We all know it, and know that it has some stigmas around it.
But is it really writing? Or is it just a lazy way to insert oneself into a favorite story universe?
I’ve heard both sides of the argument.
I know there are those who refuse to read it because, they feel, it really isn’t worth their time.
Maybe they’re already familiar with the story universe. Maybe they don’t see or like someone else dabbling in what doesn’t belong to them.
Who knows? I suppose, like anything else, it’s just a matter of perspective.
I see Fan Fiction as a way to pay homage to characters I know and love.
For me, its a way to exercise story telling skills like dialog, exposition, and writing to pre-set guidelines.
It’s also a way for me to test how well I know the material. Do I really know and understand the characters and the story?
From Writer’s Carnival, we have the following opinions:
From Emmex: I think good writing is good writing all around. I’m still chuckling about Doug’s quote that good writers borrow, great writers steal! You know it. Fan Fiction is cool by me, and the people who write it are among some of the best writers.
From JC Wolfe: I was an avid fanfiction writer in my late teens, and it’s always been a form of creative writing that I really enjoy. I’d write it mostly for fun, but it was also a way for me to practice writing until I felt comfortable enough to share original works online. I think that’s because fanfiction takes away the pressure of having to create characters and settings, which is certainly fun for the experienced but can be difficult for beginning writers.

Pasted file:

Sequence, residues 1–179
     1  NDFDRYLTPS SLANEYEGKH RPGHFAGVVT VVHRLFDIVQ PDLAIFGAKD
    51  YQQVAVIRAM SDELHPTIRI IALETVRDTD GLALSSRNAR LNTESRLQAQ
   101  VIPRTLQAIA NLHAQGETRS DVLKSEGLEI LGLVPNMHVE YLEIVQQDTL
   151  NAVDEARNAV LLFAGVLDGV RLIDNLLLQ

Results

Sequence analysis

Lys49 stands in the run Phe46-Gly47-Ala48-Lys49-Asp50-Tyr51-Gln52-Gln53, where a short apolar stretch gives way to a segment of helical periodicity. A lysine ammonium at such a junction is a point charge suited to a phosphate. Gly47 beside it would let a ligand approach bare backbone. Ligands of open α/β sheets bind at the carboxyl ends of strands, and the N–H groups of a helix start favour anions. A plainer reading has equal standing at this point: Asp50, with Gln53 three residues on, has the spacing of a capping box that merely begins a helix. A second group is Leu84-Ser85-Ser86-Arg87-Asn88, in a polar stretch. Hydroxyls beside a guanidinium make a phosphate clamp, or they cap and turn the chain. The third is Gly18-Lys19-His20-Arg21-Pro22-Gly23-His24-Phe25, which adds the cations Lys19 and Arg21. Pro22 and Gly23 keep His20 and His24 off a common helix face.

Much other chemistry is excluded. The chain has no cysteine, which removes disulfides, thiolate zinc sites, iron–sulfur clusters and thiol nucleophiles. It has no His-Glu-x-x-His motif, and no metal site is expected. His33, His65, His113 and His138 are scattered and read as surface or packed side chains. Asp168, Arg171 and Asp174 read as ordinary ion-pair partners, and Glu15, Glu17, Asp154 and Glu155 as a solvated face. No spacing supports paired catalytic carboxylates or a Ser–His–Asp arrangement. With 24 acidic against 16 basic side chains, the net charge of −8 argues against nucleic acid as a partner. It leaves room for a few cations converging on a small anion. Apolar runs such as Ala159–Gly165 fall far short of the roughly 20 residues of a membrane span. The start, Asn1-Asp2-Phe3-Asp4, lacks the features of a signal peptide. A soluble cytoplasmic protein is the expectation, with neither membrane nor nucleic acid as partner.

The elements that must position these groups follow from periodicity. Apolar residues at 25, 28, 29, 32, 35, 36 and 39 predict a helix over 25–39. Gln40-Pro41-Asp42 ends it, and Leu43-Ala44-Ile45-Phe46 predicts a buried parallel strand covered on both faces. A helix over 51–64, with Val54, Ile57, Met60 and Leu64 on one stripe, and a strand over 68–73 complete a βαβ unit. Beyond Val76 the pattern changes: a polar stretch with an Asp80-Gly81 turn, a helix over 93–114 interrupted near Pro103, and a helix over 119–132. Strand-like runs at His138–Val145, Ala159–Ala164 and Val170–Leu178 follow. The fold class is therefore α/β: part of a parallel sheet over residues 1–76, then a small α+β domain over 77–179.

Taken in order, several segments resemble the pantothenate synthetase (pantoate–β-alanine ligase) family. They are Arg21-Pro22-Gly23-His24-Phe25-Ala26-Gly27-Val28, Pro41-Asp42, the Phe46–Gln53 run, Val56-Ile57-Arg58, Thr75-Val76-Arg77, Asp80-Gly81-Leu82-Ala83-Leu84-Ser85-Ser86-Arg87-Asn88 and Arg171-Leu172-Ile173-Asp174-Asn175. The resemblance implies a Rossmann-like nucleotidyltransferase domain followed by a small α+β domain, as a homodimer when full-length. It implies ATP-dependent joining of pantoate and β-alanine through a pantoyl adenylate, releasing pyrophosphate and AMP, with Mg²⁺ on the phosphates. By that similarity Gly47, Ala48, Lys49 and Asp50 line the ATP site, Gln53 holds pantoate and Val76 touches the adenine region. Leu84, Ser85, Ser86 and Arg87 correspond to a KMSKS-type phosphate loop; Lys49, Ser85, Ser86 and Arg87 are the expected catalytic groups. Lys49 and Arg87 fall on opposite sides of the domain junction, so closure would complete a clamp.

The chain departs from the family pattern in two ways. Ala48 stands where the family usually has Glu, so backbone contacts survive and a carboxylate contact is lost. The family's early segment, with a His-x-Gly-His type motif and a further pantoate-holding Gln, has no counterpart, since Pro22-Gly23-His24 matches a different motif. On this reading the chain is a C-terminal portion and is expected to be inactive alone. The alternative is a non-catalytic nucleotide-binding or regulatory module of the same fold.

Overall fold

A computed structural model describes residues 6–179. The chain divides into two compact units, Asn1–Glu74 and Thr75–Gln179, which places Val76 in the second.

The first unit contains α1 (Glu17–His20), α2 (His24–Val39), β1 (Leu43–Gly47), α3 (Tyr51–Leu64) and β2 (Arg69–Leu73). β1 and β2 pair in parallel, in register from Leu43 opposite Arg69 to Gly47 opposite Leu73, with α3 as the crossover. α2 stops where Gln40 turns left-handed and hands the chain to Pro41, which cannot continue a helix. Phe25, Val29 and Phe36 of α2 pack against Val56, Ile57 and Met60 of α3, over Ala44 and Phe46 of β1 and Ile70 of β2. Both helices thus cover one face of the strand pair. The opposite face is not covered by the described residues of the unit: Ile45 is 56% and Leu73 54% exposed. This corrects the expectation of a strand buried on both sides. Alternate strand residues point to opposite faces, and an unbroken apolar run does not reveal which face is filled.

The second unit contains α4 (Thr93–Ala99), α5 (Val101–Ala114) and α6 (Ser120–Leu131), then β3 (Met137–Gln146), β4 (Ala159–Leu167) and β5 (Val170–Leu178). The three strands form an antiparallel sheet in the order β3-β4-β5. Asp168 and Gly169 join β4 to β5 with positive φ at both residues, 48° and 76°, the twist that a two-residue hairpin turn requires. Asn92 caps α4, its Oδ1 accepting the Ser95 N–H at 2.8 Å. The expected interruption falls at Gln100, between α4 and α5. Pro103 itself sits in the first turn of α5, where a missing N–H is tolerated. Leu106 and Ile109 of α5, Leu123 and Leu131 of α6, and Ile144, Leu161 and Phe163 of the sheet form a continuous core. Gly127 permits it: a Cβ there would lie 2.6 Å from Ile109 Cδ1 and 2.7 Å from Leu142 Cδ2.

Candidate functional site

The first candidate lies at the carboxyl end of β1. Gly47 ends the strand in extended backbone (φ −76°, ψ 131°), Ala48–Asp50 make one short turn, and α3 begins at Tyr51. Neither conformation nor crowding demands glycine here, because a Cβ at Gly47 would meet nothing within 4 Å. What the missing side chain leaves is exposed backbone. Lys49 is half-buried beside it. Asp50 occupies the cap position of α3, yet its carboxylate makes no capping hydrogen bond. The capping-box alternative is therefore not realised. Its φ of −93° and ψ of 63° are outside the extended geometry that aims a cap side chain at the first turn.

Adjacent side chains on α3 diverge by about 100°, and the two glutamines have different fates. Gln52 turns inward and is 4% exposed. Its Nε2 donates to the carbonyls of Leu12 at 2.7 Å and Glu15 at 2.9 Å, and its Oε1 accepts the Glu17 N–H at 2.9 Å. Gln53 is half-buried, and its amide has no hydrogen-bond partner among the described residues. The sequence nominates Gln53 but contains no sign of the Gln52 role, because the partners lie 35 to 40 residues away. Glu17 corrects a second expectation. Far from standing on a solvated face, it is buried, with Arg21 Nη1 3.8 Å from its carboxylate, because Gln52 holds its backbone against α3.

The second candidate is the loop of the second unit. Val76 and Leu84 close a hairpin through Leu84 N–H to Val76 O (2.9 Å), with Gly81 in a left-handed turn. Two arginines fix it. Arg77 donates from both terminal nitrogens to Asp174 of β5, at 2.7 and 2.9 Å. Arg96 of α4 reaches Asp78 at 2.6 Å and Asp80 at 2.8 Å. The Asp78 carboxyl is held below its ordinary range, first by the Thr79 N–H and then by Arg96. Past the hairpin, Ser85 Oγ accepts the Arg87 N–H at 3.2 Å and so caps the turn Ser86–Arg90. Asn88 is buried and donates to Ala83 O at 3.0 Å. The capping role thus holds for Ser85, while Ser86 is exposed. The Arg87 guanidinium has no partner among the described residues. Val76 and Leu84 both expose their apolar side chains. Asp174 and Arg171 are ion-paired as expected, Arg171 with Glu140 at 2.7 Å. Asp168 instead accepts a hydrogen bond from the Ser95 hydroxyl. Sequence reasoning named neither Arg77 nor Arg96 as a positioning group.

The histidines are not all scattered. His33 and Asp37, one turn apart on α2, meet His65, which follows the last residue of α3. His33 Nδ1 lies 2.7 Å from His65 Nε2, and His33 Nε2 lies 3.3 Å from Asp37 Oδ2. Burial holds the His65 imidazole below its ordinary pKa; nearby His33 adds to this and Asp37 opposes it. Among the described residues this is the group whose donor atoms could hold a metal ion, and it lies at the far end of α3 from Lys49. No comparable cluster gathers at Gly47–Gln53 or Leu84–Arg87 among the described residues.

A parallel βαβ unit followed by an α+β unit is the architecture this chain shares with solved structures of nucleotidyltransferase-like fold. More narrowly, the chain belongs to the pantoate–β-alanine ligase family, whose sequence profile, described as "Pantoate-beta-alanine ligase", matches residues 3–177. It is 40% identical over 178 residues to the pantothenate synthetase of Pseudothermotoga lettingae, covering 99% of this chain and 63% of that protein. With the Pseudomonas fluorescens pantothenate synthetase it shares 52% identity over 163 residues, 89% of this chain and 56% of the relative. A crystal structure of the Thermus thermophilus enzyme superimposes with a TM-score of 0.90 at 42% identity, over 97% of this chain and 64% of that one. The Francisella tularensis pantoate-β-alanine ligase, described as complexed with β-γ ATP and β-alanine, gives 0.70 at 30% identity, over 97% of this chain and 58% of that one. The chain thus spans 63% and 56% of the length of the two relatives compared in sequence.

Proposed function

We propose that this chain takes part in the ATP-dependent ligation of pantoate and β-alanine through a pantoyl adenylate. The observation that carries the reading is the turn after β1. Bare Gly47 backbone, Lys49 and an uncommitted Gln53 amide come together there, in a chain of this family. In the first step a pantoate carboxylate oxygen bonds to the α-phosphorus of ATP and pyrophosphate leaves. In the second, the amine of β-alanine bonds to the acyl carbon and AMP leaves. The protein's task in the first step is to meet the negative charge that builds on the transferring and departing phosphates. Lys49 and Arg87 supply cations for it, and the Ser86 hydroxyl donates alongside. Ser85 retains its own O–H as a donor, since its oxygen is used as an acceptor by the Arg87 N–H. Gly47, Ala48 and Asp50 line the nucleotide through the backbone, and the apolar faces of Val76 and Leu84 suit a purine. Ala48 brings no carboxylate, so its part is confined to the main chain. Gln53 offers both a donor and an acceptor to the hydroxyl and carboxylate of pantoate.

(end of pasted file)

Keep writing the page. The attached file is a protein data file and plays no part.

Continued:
From Shanna: I used to have a very negative view on fan fiction, then I met some uber nice people almost a decade ago on Livejournal, who changed my mind about it. I still don’t actively read it but there isn’t any reason (other than severe lack of free time) why I wouldn’t. I don’t know that I could ever see myself writing fan fic because there are only so many fandoms that I would consider myself knowledgeable enough to even take on, but I don’t rule it out as something that would never happen.
From Matt: I confess I am not big into fanfiction on either side (writing or reading). For writing: for me it is too much like playing with somebody else’s toys. I want to develop my own characters, my own setting, play by my own rules.
That said, fanfiction is a great way to get comfortable with the techniques of fiction writing. It can help give insights into how the relationships work and develop, how to plan out plot, and to indulge in a bit of off the wall speculation.
What’s your view?
Do you like fan fiction?
Do you read it? Why, or why not?
Feel free to discus it in the comments below!